The Society for History Education is asking the ESRB to reclassify Bladestorm: The Hundred Years' War and the upcoming Bladestorm: Nightmare as educational games after it was found these two titles are more historically accurate than the new Texas history textbooks.
“Traditionally, when you think educational video games you think of simplistic adventure style games that teach you about math, science and history,” says Martin Free, spokesman for the S.H.E. “However, thanks to the new, incredibly low education standards set forth by the Texas State Board of Education, we’ve determined video games once thought to be too fantastical to be used in the classroom are now better learning resources than anything you’ll find in a Texas schoolhouse.”
Starting next year, Texas students will learn from textbooks that emphasize America’s “Christian Heritage,” praise the accomplishments of Ronald Reagan, place doubt on mankind's role in global warming, downplay Muslims in history and exaggerate Moses' influence in the founding of American Democracy.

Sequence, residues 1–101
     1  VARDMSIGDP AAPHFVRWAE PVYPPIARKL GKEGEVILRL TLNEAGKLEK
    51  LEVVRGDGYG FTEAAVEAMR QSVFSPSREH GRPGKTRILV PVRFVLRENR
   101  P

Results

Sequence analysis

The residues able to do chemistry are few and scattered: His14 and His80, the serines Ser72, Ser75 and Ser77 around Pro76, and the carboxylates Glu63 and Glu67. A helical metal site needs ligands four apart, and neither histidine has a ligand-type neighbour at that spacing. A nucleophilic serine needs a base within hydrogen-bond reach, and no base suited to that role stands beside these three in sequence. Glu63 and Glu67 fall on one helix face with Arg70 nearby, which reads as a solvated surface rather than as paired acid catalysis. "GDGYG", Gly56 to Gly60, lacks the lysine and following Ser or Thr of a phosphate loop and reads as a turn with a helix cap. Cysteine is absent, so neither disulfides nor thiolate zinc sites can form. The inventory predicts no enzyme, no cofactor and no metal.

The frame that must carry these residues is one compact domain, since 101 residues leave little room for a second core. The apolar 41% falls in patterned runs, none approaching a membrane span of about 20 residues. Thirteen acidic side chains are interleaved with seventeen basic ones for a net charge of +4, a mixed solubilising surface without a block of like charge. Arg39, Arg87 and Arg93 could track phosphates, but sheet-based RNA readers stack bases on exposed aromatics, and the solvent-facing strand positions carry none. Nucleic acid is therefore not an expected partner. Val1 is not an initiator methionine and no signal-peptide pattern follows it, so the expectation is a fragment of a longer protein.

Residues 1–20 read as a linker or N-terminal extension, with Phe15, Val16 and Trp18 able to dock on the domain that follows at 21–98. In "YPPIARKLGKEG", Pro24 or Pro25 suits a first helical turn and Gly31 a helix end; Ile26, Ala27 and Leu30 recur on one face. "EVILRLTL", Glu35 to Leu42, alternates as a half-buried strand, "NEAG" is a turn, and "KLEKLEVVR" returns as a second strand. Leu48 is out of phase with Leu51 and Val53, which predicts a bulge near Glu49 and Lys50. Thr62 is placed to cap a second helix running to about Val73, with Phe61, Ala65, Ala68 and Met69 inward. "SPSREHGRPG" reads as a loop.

“Bladestorm: Nightmare features ogres, an evil Joan of Arc and battles with dragons… all of which is more believable to have happened in history than anything found in these new Texas textbooks,” Free added. “Other video games more true to history than what these kids will be taught include the upcoming Code Name S.T.E.A.M. and Samurai Warriors 4. To be honest, even Hyrule Warriors contains more historically accurate information than these textbooks.”
Bladestorm isn’t the only video game franchise being affected by the new Texas education standards. Video game developers across the country are now trying to figure how to dumb down their games so that kids educated in Texas will be able to understand them.